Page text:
Ok, so selfies, those pictures people with smart phones take of themselves, are going to be the rage for a while. And of course, some of them are obnoxious while others are actually quite cool. Well, I've not taken one of those cool ones yet but I'm working on it.

But their popularity does beg the question, especially with our children, are they helping our kids gain a healthy view of themselves? I heard one sports commentator talking about child sports stars wisely say, "There is a difference between being self aware and self-absorbed." He is SO right.

If we're not careful we will continue to develop another generation (and they're not the first) of kids who are far more self-absorbed than self-aware. And it won't be just because of selfies.  Much of the problem will lie with us parents who continue to feed their egos without modeling an alternative perspective.


First, we require that they be productive and successful all the time.They are in a sport or learning activity every season, always competing and pushed into winning much of the time. It would be nice if the many camps for kids were merely about expanding their experiences and opportunities but we know better. For most players, parents and coaches they want more activities so their kids will be better athletes or musicians or cheerleaders and so they will win more.

And we do much of it in the name of self-awareness when all we're doing is adding to their being self-absorbed.

Second, we often model the same tendencies ourselves. More and more parents are even quitting their jobs or at least altering their lifestyle and free time in major ways so they can run more marathons, become an American Ninja or get multiple martial arts belts. The not so sports minded ones get more degrees, ascend the ladder at work or decide to climb the world's tallest mountains.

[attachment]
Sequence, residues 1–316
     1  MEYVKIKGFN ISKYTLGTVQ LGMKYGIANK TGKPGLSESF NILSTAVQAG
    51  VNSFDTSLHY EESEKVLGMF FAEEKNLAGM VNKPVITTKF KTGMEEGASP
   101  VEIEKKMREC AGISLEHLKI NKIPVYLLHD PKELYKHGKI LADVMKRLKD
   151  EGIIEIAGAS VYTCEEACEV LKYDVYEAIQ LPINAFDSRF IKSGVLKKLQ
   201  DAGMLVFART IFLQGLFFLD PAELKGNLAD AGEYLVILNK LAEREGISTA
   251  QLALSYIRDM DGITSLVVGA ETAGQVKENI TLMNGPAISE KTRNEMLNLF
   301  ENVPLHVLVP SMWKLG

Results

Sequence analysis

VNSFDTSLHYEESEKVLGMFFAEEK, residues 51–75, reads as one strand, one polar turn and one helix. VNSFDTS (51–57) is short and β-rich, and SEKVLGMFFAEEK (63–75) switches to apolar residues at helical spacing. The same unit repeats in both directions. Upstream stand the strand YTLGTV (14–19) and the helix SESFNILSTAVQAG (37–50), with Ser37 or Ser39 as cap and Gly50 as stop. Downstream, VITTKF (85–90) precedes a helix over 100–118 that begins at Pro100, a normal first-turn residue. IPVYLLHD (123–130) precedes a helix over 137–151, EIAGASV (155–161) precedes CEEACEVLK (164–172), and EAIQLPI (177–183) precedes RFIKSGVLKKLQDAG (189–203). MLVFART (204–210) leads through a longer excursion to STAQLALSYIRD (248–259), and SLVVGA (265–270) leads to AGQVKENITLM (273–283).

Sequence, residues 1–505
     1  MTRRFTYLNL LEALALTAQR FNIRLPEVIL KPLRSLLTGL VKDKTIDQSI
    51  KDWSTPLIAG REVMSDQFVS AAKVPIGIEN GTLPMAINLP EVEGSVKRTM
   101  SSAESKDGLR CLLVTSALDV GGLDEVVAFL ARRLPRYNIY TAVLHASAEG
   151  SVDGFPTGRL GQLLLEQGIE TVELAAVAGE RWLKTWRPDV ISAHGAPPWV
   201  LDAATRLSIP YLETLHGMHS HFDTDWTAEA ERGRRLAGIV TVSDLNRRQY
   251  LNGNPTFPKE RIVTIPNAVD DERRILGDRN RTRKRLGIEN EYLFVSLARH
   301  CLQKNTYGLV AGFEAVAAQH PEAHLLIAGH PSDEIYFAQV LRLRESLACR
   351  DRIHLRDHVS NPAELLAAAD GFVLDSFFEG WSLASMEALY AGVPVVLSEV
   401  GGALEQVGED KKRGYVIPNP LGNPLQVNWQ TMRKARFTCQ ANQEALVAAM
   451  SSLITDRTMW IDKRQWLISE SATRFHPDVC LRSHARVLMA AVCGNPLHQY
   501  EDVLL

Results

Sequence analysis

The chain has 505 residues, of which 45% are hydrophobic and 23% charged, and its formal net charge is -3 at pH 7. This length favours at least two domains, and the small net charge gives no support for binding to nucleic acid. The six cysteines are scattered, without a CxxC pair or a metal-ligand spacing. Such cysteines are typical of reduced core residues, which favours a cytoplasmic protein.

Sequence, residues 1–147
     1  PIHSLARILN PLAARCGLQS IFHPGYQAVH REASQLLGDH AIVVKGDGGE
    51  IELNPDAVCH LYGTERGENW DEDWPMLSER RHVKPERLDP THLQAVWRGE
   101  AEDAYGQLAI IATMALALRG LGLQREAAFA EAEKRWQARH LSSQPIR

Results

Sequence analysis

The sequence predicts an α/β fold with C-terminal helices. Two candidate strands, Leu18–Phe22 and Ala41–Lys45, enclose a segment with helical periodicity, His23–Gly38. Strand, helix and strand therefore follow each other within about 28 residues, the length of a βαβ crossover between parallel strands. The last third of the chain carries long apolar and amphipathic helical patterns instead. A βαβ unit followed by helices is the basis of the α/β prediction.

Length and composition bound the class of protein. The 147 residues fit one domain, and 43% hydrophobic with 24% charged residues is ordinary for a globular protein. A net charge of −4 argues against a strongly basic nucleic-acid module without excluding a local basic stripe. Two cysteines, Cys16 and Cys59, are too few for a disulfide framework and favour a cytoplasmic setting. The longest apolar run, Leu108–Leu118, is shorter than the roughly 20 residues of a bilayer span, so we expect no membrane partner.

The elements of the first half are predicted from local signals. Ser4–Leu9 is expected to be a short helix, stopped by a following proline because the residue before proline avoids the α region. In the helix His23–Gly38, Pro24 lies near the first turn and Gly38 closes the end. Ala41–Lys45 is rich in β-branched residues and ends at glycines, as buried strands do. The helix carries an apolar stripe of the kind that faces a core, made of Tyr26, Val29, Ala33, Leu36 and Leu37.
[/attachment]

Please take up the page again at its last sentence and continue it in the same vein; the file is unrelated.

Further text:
And of course there is nothing wrong with having a big goal or two and going for it. But when it becomes an obsession, and for so many it is just that, we start to become as absorbed with us as our kids do and they notice.

Third, a lessening of our attention on the spiritual and emotional usually accompanies these obsessive tendencies. No, people don't typically reject their faith or become jerks (though a few do) but they just don't place as much important on the less obvious, the things that don't impress others outwardly as much. There usually isn't a radical change but rather a slow move away from the things that matter most to the things that are about us.